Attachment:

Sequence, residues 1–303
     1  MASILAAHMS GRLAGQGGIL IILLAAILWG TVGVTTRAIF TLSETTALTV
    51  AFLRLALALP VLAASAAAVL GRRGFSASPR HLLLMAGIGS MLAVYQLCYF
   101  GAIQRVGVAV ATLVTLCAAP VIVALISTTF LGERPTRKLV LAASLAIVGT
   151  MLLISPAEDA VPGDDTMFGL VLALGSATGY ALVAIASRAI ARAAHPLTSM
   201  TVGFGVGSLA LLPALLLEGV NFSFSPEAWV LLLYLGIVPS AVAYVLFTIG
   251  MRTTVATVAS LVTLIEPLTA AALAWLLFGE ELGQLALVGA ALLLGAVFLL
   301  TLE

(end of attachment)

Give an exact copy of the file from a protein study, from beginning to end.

Sequence, residues 1–303
     1  MASILAAHMS GRLAGQGGIL IILLAAILWG TVGVTTRAIF TLSETTALTV
    51  AFLRLALALP VLAASAAAVL GRRGFSASPR HLLLMAGIGS MLAVYQLCYF
   101  GAIQRVGVAV ATLVTLCAAP VIVALISTTF LGERPTRKLV LAASLAIVGT
   151  MLLISPAEDA VPGDDTMFGL VLALGSATGY ALVAIASRAI ARAAHPLTSM
   201  TVGFGVGSLA LLPALLLEGV NFSFSPEAWV LLLYLGIVPS AVAYVLFTIG
   251  MRTTVATVAS LVTLIEPLTA AALAWLLFGE ELGQLALVGA ALLLGAVFLL
   301  TLE